HomeBlocksFront-TopChief Incontro Teaches ‘Cop Class’

Chief Incontro Teaches ‘Cop Class’

These days, the presence of a police officer on a high school campus might induce a feeling of dread, but such was not the case last Wednesday. San Marino Police Chief John Incontro was not at San Marino High School to follow up on an investigation, launch a drug dog on a locker search or even bring lunch to his daughter, who is a freshman at SMHS. Instead, Incontro was there to address members of the school’s Advanced Placement U.S. History class.

Incontro began his presentation by telling the students that he actually wanted to be a teacher himself. But a job glut caused Incontro to look elsewhere for employment.

“I liked a couple of cop shows that were on television,” he said. “I thought ‘that looks pretty cool. You get to help people and be outside a lot.’”

Incontro began his law enforcement career in Glendale before moving in 1979 to the Los Angeles Police Department, where he spent the next 36 years.

Though he worked “all over the city,” Incontro much of his time training future cops, which often numbered up to 20,000 per year.

In 2014, Incontro saw a job posting: Chief of Police, San Marino, California.

“I had lived in San Gabriel and knew the area very well, so when the job popped up I thought I would apply,” Incontro said. “I got it and I’m very happy here. We have relatively no violent crime in San Marino. Back in Rampart [District in Los Angeles], we once had 10 murders in a single weekend.”

Incontro said that during his career as a police officer he has seen or investigated 850 to 900 murders, as well as suicides and traffic accidents.

“I have reached my limit on violent crimes,” he said. “I worry about people’s safety.”

The room became silent when Incontro said he has never fired his gun during his 43 years as a police officer.

“Have I used force? Hell, yeah,” he said.

Incontro then asked a student to help him demonstrate acceptable forms of restraint as the students moved to the edge of their seats.

Incontro then went through a litany of events that he has confronted as a police officer, including the Rodney King beating and resulting riots, the Rampart scandal and, more recently, the murder of George Floyd in Minneapolis.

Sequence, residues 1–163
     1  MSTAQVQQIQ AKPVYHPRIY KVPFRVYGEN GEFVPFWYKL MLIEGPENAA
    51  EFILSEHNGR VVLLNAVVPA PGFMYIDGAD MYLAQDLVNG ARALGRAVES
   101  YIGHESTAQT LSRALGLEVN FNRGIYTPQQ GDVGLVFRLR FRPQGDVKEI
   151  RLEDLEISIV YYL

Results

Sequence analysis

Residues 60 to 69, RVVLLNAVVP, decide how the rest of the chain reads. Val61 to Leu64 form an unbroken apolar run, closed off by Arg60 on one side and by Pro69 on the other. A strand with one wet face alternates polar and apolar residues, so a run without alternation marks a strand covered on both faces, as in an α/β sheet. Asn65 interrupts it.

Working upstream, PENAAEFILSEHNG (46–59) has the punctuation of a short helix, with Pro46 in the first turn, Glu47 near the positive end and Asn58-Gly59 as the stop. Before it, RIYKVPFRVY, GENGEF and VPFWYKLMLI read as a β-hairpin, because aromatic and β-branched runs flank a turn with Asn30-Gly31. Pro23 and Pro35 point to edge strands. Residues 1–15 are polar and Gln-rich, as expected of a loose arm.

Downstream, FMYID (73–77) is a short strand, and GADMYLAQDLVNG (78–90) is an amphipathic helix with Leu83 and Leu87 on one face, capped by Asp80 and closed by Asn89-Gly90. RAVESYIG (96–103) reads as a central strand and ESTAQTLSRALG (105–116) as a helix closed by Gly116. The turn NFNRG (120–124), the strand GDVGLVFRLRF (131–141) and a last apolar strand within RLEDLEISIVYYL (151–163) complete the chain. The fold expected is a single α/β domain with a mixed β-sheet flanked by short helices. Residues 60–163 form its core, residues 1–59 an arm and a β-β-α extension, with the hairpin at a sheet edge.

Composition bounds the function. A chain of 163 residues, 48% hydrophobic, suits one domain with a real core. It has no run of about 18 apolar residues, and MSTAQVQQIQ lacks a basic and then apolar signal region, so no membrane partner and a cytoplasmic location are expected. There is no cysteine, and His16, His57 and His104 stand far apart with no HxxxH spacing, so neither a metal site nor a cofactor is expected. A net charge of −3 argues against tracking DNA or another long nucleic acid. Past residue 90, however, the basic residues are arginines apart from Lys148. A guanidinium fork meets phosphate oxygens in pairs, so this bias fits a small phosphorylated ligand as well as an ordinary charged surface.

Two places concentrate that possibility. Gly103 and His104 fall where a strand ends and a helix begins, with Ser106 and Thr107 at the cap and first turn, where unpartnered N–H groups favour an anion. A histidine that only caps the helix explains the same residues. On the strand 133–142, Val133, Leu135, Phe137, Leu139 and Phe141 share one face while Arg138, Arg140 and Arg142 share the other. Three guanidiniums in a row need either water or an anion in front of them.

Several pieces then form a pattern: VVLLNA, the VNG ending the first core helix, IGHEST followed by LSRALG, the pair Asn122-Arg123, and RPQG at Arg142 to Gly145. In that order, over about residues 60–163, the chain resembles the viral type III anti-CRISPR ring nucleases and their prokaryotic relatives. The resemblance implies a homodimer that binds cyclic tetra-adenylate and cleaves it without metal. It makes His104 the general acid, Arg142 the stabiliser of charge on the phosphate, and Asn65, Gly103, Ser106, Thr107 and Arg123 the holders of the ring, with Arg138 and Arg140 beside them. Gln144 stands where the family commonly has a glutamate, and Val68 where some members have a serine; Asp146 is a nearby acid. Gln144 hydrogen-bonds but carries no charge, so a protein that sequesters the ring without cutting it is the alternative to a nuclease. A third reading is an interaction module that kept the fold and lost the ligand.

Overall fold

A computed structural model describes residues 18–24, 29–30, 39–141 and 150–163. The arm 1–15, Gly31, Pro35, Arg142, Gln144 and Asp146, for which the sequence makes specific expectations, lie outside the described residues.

“He was murdered by that police officer,” Incontro declared.

“I am happy that we are looking at racism in medical care, racism in education,” he said. “There is racism everywhere. George Floyd. Was it racist? I don’t know. But it sure looked like it.”

Police Chief John Incontro shows students the proper method of restraint, using volunteer Evan Kuo.

Incontro was asked by a student if the SMPD requires video cameras on officers’ bodies, as many departments do.

“I want them,” he said. “Any time an officer uses excessive force it is a big issue. It takes away our trust with the community.”

Before moving on from that subject, Incontro said that statistically just 1% of all police calls end up with the use of excessive force.

As teacher Peter Paccone counted down to the closing bell, Incontro offered a “career day” segment to his presentation.

“The best thing about our job is that we truly love what we do and love working in San Marino,” Incontro said, as he nodded toward new SMPD officer Josephine Heredia, who had accompanied the chief to the high school. “I love being a cop and I love having an influence in making change. If you can find a career where every single day you want to go to work, stick with it. If not, find something else.”


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